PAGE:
Justin, Take 2
THE woman with the gray hair and pearls stepped into the elevator and pushed the button for the hotel lobby. She glanced twice at the lanky young man standing next to her before she finally spoke. “You’re somebody, aren’t you? What’s your name?”
“I’m nobody,” he answered. Then he flashed a high-wattage smile that declared the opposite. “My name is Justin. What’s your name?”
The doors opened on the sunny atrium of the Landmark hotel and Justin Timberlake looked around for a quiet place to chat about fame, boy-band members who try to grow up and the high stakes involved in his forthcoming album. The CD, with the cyber-breathless title “FutureSex/LoveSounds,” arrives in stores Sept. 12, and the pressure is written in the face of Timberlake and everyone in his camp. It would be overstatement to call it a “make or break” career moment, but today’s pop culture has little tolerance for unsolved mysteries of persona; this, his second solo CD, feels like the necessary time for Timberlake to show definitively what he is and what he is not. People recognize him -- but not always for the reasons he wants.
“I have this joke, that my theme for 2006 is ‘Stay in your lane,’ ” said Timberlake, whose conversational voice is as boyish as his face. “I feel like maybe I’m trying to constantly reinvent what that lane is, but you have to know what your space is. I try to push it as far as I can and ride that road to the end -- but you need to see your lane.”
The Zen of safe driving in this case is navigating the treacherous boulevards of music and celebrity. Timberlake, now 25, hit voting age as the most famous member of ‘N Sync, a pop group that modeled itself on the R&B; vocal group Boyz II Men and pumped it up with pyrotechnics, syrupy lyrics and Tiger Beat stage aerobics. ‘N Sync came from the Orlando factory called TransContinental Music, which assembled and carefully coached slick harmony groups such as the Backstreet Boys and LFO. The results were a bit staggering. The ‘N Sync album “No Strings Attached” sold 2.4 million copies in a single week in 2000, an outlandish achievement that will likely never be broken now that the CD-selling industry has entered its own version of the ice age.
The audience for ‘N Sync and the rival Backstreet Boys was so young and so loud that it was reflexively mocked by pretty much anyone old enough to have a mortgage. But after it was all over, Timberlake emerged with a surprising amount of respect. In music industry circles, people compared his charisma, dancing and singing to young Michael Jackson’s, and many predicted that he (along with the vocally gifted Christina Aguilera) would be the talent that would rise from the empty froth of the whole youth pop surge in the late 1990s.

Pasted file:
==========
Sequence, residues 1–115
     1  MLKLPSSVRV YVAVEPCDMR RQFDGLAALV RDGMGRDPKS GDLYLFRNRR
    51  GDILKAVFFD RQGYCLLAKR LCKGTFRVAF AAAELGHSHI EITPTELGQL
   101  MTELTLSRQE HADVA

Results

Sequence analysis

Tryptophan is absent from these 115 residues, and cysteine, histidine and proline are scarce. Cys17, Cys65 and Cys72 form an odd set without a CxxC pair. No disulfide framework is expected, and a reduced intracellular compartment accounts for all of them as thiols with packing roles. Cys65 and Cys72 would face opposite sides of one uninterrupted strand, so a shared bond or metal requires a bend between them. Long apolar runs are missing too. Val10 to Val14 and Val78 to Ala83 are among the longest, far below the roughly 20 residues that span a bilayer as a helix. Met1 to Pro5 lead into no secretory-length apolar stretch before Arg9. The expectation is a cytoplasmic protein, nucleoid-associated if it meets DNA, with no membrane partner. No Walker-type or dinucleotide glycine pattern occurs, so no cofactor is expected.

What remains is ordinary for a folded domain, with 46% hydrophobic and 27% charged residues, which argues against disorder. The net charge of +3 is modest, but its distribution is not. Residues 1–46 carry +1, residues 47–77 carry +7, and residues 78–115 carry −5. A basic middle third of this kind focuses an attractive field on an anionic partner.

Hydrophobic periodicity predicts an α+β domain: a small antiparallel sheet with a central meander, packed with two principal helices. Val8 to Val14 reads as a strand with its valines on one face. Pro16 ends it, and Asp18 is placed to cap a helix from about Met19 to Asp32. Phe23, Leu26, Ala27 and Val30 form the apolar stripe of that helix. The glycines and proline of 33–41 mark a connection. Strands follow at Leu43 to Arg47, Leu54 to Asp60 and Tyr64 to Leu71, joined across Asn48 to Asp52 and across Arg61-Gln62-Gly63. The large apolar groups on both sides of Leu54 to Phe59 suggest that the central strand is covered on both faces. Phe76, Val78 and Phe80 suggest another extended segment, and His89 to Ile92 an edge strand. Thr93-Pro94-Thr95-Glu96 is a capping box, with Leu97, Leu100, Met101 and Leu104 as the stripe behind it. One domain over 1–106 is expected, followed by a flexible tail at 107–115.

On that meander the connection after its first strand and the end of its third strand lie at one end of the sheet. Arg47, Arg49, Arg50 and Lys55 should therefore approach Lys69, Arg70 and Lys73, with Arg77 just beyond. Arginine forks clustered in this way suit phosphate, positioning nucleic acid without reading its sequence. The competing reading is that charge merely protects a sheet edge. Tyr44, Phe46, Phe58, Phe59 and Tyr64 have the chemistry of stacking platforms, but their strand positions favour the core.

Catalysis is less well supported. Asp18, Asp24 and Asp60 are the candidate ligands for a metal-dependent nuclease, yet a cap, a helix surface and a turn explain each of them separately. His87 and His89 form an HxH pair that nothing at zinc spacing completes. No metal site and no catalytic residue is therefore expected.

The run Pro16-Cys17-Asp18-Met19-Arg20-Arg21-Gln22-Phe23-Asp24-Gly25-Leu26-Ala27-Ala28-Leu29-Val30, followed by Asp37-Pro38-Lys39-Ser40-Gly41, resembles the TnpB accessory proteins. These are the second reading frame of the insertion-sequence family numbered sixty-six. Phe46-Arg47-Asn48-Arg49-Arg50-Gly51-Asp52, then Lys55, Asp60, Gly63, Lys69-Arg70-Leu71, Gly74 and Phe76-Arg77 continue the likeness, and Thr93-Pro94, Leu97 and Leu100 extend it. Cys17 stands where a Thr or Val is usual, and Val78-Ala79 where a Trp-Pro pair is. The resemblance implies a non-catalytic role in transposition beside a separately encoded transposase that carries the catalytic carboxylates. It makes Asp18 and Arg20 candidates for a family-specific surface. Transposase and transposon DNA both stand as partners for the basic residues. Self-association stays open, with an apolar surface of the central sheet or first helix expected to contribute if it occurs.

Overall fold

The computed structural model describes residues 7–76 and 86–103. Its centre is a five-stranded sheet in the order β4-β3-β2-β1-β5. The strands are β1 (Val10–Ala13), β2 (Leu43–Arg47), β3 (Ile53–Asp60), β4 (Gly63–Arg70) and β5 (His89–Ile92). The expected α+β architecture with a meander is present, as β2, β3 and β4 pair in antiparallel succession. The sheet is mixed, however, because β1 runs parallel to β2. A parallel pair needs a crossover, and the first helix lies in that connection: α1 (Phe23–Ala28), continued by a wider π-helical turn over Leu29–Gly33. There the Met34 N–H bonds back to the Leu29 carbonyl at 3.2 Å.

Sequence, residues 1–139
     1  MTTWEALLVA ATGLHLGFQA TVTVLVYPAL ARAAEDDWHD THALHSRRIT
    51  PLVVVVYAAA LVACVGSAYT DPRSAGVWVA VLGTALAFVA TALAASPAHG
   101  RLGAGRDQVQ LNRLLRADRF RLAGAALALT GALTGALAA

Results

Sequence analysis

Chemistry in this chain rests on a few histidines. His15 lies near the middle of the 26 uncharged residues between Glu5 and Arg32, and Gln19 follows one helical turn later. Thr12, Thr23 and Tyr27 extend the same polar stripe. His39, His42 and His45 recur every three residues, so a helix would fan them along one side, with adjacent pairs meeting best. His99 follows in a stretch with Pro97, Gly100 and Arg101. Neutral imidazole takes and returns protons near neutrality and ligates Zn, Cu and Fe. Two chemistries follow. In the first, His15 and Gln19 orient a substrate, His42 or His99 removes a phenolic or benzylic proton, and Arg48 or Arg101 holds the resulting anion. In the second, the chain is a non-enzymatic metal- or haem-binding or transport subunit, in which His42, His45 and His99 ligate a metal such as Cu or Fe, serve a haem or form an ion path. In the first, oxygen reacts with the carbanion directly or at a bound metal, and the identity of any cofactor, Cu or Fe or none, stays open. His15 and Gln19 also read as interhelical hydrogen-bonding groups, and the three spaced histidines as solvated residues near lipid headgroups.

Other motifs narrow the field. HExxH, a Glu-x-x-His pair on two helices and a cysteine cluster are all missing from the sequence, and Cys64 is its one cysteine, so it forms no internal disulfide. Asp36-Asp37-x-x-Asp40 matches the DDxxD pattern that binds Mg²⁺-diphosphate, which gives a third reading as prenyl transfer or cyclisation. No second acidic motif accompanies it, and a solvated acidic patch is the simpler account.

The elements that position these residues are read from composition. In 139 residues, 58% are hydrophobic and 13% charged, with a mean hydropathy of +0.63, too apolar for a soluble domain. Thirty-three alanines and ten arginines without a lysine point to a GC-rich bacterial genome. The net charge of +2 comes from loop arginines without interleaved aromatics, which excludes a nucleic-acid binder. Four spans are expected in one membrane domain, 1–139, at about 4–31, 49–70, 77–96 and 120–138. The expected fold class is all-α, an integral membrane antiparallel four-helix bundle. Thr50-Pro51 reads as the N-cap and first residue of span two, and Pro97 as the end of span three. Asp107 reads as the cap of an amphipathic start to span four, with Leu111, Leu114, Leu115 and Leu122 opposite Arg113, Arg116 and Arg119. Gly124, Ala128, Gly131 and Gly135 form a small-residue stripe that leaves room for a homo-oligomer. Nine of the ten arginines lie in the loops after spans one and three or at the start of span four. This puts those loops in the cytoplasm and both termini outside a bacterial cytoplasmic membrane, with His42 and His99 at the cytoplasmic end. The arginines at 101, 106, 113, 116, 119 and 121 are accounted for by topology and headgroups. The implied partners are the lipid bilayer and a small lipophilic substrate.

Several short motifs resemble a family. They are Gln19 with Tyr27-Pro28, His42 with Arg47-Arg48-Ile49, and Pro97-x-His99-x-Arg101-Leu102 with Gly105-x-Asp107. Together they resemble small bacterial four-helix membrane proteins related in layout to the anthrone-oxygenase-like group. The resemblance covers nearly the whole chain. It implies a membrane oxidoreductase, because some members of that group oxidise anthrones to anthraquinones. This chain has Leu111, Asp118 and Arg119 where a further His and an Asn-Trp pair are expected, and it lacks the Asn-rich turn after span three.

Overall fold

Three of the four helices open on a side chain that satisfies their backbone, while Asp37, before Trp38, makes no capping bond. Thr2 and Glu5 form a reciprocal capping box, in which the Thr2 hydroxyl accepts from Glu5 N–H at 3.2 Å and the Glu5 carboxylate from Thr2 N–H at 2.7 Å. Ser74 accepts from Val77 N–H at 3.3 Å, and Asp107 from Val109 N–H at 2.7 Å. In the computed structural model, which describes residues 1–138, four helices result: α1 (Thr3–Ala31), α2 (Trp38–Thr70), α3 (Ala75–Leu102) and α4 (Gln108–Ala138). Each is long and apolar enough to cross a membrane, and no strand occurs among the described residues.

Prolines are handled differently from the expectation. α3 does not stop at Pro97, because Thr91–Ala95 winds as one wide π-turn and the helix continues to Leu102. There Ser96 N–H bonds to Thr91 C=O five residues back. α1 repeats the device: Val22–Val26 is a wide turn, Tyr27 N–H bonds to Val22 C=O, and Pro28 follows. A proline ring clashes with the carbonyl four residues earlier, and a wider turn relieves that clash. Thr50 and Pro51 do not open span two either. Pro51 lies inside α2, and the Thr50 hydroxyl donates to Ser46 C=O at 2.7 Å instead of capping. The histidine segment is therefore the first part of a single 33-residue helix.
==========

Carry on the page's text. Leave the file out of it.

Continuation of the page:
To deliver on that, though, Timberlake will have to copy one of Michael Jackson’s most impressive career pivots -- going from a kid-pop prince to the all-ages star of “Off the Wall.” Many people think he will; last year, The Times polled 21 of the top executives in the music industry and asked them to predict what artists would sell the most albums over the next five years. Timberlake -- whose first solo album sold 3.5 million copies -- finished sixth on the list, ahead of Kanye West, OutKast and 50 Cent.
“Justin is a talent, he is one of our artists, and he will be for a long, long time. It’s as simple as that,” said Barry Weiss, president and chief executive of Zomba Group, the Sony/BMG music conglomerate that encompasses Jive Records, the label home of Timberlake back to those frenzied days of ‘N Sync. Weiss and company know that Timberlake needs to redefine himself in the public mind, but he said that it’s a conversation that hasn’t come up. “Justin is one of those people who comes to us and says, ‘I want to do this,’ and we say OK.”
Much of the album was recorded in Virginia with Timothy “Timbaland” Mosley, the sonic alchemist of hip-hop who is known for taking chances and defying convention. Timbaland said the new album should change the entire conversation about the singer and his place. “He took it up a few notches, and people are going to be impressed. I have no doubt. He is the real deal.”
In Timbaland, Timberlake has more than a producer with a similar name. The rapper and studio guru brings street cred to the former youth-pop hero, and it’s clear in the funk-laced album that Timberlake is seeking to set aside his wholesome persona. His curly locks are now shorn tight to his head, and his first single is called “SexyBack,” which comes with a music video that seems to draw on “The Bourne Supremacy,” “Eyes Wide Shut” and maybe German porn. (“Well, we were going for Kubrick,” he said, “but that’s close to German porn. Very frightening.”)